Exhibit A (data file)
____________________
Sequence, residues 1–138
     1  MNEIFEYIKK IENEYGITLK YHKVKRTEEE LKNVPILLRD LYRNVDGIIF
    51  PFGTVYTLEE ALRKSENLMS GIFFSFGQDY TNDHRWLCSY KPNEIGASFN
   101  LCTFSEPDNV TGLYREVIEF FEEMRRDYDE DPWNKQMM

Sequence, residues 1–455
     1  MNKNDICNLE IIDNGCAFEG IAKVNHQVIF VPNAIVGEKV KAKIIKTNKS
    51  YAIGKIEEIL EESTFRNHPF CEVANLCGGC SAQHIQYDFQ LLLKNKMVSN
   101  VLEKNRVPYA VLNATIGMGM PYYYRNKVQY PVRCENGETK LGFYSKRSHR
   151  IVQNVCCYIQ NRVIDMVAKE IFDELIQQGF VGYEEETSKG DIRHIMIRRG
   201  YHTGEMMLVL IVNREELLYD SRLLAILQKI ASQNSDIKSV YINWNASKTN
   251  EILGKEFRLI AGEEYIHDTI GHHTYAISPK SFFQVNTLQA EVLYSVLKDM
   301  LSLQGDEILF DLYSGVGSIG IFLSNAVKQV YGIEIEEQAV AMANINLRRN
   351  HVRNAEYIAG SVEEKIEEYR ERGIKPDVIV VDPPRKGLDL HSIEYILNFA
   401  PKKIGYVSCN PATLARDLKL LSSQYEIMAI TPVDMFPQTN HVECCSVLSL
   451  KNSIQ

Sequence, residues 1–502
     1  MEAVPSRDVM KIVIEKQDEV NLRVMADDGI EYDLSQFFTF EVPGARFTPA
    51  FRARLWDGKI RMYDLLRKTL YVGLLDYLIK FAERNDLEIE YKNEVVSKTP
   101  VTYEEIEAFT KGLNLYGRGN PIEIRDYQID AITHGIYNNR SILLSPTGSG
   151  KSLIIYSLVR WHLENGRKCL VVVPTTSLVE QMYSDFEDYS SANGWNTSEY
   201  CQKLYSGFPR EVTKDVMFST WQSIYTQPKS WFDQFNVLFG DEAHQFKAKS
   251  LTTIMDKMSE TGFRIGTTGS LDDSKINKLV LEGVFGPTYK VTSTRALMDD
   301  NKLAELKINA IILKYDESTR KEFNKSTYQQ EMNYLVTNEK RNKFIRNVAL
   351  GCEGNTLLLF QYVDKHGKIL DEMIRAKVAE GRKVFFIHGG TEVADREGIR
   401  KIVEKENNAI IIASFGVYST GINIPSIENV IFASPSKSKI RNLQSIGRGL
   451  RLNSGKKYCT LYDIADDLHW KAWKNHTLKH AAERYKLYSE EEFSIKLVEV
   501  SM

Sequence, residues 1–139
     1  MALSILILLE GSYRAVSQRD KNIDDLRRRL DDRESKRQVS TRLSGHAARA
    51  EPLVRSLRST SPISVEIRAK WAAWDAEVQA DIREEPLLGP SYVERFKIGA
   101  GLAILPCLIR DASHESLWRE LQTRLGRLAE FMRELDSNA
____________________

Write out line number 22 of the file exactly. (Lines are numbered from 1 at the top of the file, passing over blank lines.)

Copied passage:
   251  LTTIMDKMSE TGFRIGTTGS LDDSKINKLV LEGVFGPTYK VTSTRALMDD